The fight over government-funded research on gun violence is heating up after several mass shootings during President Trump's first year in office.
Some Democratic lawmakers are pressuring the Trump administration to send a clear message that it will fund gun violence research, while others say it's time to rewrite the Dickey Amendment, a 1990s-era law banning tax dollars from going toward advocating or promoting gun control.
But without a majority in Congress or lack of support from the administration, they may run up against a wall. The National Rifle Association opposes the changes, saying the law is defined narrowly enough, while Republicans have been largely silent on research possibilities, focusing instead on legislation that would keep guns from ending up in the wrong hands.
One vehicle Democratic lawmakers have targeted is a National Institutes of Health call for research projects on gun violence that expired as planned on Jan. 8, 2017, shortly before Trump was inaugurated. It was issued in 2013, when former President Barack Obama told health agencies to fund or carry out research "into the causes of gun violence and the ways to prevent it," following the mass shooting at Sandy Hook Elementary School in Newtown, Conn.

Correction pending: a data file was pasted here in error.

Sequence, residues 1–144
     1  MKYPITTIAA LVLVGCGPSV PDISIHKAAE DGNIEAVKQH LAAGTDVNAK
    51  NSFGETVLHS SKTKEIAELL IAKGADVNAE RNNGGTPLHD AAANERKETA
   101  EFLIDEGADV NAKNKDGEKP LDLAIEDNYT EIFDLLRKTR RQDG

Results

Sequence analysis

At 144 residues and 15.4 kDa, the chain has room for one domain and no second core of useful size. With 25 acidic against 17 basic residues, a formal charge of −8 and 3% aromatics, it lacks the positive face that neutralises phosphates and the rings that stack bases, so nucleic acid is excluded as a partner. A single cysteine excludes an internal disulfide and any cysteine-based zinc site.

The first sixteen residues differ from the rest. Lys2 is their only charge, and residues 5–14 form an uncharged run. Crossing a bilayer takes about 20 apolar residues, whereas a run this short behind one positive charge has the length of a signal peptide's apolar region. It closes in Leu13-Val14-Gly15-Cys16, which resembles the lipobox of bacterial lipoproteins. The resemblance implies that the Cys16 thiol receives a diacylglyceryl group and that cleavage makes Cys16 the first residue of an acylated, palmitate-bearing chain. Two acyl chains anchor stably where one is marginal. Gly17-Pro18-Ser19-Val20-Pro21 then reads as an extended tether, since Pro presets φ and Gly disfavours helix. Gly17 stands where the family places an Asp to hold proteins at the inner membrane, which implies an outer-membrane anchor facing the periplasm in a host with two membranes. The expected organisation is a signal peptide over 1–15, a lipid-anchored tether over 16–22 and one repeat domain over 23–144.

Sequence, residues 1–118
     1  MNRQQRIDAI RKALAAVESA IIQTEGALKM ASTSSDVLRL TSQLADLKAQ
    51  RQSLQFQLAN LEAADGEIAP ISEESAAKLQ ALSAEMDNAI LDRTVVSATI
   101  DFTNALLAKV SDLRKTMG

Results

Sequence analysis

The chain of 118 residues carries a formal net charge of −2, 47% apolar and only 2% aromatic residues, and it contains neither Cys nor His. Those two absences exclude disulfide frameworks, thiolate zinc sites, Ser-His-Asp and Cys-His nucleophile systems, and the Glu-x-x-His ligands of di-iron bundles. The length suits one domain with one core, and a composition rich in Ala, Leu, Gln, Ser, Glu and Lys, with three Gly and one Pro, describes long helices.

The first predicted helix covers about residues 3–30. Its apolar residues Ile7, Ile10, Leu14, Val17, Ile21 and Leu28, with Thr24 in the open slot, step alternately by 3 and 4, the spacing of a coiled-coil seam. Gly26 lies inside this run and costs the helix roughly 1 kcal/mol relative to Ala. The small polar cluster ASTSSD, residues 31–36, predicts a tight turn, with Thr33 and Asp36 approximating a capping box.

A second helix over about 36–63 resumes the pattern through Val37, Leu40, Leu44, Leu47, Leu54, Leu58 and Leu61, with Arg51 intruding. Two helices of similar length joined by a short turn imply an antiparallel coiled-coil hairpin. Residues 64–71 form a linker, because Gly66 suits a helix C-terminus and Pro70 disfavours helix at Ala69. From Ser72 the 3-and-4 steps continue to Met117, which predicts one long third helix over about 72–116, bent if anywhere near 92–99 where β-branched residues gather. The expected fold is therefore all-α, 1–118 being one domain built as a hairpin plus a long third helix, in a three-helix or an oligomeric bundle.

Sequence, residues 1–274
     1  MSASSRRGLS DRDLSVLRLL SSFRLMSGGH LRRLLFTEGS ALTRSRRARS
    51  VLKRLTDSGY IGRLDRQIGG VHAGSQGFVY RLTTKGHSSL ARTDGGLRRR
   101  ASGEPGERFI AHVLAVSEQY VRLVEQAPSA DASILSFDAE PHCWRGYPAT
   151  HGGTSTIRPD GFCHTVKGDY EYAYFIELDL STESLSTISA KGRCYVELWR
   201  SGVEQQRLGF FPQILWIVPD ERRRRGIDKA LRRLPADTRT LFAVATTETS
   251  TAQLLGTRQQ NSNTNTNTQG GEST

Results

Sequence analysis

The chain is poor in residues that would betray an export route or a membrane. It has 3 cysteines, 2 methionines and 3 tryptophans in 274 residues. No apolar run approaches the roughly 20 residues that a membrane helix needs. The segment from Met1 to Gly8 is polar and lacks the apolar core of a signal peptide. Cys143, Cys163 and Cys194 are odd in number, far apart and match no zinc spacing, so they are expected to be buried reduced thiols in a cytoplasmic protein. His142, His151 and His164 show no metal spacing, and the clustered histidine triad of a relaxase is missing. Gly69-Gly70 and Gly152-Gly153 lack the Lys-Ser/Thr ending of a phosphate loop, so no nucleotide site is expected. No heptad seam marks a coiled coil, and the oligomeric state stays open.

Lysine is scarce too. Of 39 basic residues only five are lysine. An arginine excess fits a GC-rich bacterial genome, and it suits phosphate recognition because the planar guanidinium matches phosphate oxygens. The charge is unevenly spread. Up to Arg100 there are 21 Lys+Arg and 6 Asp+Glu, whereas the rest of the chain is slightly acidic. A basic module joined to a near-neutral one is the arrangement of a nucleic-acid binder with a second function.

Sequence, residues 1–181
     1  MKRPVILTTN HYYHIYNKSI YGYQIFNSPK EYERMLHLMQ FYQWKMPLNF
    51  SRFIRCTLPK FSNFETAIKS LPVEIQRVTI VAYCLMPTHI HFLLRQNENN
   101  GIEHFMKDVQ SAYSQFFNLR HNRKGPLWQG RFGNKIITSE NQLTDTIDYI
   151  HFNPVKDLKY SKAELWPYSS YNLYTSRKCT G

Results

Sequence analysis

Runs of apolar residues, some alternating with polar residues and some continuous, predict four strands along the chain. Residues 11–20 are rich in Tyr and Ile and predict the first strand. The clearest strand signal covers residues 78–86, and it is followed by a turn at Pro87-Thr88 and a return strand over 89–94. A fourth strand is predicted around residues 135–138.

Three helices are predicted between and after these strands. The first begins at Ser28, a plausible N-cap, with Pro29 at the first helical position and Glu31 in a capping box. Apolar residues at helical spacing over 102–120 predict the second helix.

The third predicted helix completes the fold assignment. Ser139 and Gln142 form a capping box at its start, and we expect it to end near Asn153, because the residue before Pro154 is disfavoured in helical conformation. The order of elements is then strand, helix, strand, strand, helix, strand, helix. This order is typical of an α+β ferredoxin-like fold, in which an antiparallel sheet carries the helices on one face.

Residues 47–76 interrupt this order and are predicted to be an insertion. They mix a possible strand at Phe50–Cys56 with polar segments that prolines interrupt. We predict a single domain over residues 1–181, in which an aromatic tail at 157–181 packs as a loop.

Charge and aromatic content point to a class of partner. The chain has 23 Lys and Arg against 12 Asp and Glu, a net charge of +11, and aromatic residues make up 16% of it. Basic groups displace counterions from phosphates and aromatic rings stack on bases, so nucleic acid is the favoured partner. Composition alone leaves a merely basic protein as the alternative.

Democratic senators, including Elizabeth Warren of Massachusetts, Chris Murphy of Connecticut, and Catherine Cortez Masto of Nevada, sent an October letter urging the NIH to "renew the gun violence research program as soon as possible." Democratic House members sent their own letter in November, inquiring about whether the funding had been discontinued and why, but they haven't heard back.
NIH officials told the Washington Examiner that it was not accurate to characterize funding for research on gun violence as having ended. It noted it had other ways to show it was interested in funding such grants, including through research priorities posted on its website. The call for research, formally known as a "program announcement," was just one way to communicate its intentions, it said.
"Program announcements are not programs. They are announcements to draw attention to a particular programmatic area of research and typically do not have funds dedicated to them," the NIH said. "The expiration of a program announcement doesn’t mean that the program supporting the announcement has ended or that funding is no longer available."
The nearly $19 million in grants were issued under the title "Research on the health determinants and consequences of violence and its prevention, particularly firearm violence." Twenty-three projects, some over several years, were funded from 2014 to 2017. Not all explicitly studied gun violence, however. One grant, for instance, went toward research that examined how intoxication affected a bystander's likelihood to intervene in a rape. In all, 14 projects involved research on guns, bringing the total spent on research in the area closer to $11.1 million.